FIG. 6 alsoshows a pair of end stops limiting the slider stroke, namely a top stop 117 and a bottom stop 117". As shown more clearly in FIG. 9, the top stop 117 (which is individual to each fastener half 101) is formed by fusing the thermoplastic flanges 103 and 104 to each other. Similarly, as best seen in FIG. 10, the flanges of both fastener halves are fused to form the common bottom stop 117".
The coupling heads 6, 106 of fastener halves 1, 101 are shown provided with apertures 6a, 106a and projections 6b, l06b fitting into the apertures of the mating heads of the other fastener halves. It will be understood, however, that the shape of these heads may be varied and that different types of fasteners, such as meandering monofilamentary coils as illustrated in FIGS. 13 e '15, could also be used in the aforedescribed embodiments.
FIGS. 11 and I2 show a slider 205 which is generally similar to slider 5 of FIG. 4, except for the omission of wedge piece 14a and the fact that the leading ends of its wings 210 are bent in opposite directions out of the plane of their trailing ends, causing the connecting strip 214 to assume a generally S-shaped curvature. The two fastener halves 201 invertedly engaged by these wings 210, which are again bracketed by flanges 203 and 204 thereof, are thus spread apart in a transverse plane (see FIG. 12) between the slider 205 and the nonillustrated top stops. As the slider is advanced toward these top stops with the aid of a tab 216 attached to the end strip 214, the fastener halves are moved toward each other at right angles to the basic plane of the slider (i.e., the plane of its trailing ends) so that their coupling formations 206 may be different from those shown at 6 and 106 inpreceding Figures. In particular, these formations 206 may be continuous longitudinal beads of a profile as shown at 6E in FIG. 17 more fully described hereinafter.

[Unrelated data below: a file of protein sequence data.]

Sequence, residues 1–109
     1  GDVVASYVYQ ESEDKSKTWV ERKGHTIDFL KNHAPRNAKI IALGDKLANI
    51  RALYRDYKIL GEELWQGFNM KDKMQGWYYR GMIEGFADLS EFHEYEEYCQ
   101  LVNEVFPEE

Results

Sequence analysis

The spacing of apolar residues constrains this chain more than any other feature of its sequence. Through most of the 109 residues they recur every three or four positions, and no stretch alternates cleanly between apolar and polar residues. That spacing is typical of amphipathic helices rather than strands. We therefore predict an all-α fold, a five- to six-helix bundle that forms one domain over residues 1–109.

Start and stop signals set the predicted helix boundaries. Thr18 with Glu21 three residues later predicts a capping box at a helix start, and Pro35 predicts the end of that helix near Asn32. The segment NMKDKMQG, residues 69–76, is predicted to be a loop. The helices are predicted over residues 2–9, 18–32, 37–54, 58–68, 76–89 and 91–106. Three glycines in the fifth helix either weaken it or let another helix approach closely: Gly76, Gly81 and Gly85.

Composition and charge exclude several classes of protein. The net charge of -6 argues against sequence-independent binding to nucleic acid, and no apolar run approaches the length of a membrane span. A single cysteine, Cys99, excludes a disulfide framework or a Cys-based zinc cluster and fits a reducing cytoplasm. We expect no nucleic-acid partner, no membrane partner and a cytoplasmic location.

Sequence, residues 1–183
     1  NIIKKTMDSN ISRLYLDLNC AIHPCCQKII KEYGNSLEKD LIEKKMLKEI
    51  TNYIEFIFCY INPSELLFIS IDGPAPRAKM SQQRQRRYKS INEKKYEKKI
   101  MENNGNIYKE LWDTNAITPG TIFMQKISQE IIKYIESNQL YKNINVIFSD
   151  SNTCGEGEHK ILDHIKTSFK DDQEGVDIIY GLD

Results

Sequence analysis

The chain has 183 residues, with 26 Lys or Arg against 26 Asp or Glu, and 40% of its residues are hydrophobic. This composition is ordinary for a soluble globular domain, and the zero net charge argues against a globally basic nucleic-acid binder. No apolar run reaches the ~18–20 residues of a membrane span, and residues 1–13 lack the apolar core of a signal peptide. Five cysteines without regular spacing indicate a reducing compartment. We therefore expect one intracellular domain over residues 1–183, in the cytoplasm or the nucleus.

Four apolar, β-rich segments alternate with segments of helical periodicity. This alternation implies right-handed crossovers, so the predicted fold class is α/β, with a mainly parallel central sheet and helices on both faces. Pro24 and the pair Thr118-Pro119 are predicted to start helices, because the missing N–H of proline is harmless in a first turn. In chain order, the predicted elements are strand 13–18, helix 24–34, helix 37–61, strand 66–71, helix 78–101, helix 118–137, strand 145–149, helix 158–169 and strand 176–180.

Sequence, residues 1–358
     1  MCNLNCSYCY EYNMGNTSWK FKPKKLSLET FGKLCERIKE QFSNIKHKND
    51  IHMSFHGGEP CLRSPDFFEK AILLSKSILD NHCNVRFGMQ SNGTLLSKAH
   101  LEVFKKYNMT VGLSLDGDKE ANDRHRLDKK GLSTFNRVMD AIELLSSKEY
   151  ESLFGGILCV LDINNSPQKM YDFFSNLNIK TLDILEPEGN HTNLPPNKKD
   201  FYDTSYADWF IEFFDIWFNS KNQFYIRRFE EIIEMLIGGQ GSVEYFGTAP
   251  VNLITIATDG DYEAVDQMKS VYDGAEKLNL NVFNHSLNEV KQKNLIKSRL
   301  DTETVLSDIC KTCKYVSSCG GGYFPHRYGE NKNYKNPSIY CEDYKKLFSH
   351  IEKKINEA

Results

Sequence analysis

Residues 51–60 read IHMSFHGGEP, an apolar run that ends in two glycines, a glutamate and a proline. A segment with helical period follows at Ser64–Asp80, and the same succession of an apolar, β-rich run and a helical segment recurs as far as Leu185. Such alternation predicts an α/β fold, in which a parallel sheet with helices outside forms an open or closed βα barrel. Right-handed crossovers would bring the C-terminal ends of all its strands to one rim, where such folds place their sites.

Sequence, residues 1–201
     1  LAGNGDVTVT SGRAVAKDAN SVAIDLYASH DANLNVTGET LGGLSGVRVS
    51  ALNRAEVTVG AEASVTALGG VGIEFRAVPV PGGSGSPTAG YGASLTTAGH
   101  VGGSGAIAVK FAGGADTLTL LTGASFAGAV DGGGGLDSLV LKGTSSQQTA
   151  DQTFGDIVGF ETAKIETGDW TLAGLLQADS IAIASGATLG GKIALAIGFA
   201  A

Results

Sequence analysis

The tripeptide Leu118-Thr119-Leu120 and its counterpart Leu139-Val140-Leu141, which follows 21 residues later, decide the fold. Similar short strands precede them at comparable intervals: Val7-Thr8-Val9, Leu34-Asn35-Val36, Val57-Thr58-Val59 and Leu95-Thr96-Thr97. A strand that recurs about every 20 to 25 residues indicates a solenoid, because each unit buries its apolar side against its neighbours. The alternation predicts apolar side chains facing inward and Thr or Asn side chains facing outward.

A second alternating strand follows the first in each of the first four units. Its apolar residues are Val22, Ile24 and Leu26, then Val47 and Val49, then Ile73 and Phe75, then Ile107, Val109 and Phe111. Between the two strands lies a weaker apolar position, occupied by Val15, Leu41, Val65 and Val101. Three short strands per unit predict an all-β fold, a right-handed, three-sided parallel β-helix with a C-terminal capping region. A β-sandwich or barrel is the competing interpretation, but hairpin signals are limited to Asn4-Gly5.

In FIGS. 13 14 I have illustrated various possibilities for attaching the two fastener halves to stringer tapes or other pieces of fabric to be joined to each other by the fastener. In FIG. 13 two fastener halves 1A, bracketing a flat slider 5A of the type shown in FIGS. 1 4, are stitched at 22A to respective tapes 8A; the fastener halves 1A are meandering monofilaments (e.g., of nylon) whose bight portions carry coupling heads 6A and which are further provided with ribs 23A for reducing the friction between their flange-forming sections and the slider wings bracketed thereby.
In FIG. 14 each fastener half 1B is traversed by a heavy filler cord 7B received in the gap between the two wings of a slider 58 which is generally similar to slider of FIGS. 5 8. These filler cords are traversed by stitching 22B securing them to the meandering coils of the fastener halves which in this instance are shown provided with bosses 23B facilitating the relative displacement of the slider; the associated coupling heads have been designated 68. The cords 7B may in turn be stitched onto respective pieces of sheet material, e.g., as illustrated in FIG. 15 where two fabric strips 8C are shown secured in this manner to a pair of fastener halves 1C with the aid of stitching 22C; the filler cords have been omitted in that Figure. Fabric strips 8C, which have been folded over to conceal the stitching, are shown to touch each other in the midplane of slider 5C from which they are separated by fastener flanges 4C; this arrangement thus makes it possible to bring two pieces of fabric or other sheet material into close proximity with each other, in a nonoverlapping manner, without any danger that either piece may be caught by the reciprocating slider. The fastener halves 1C have coupling heads 6C and bosses 23C.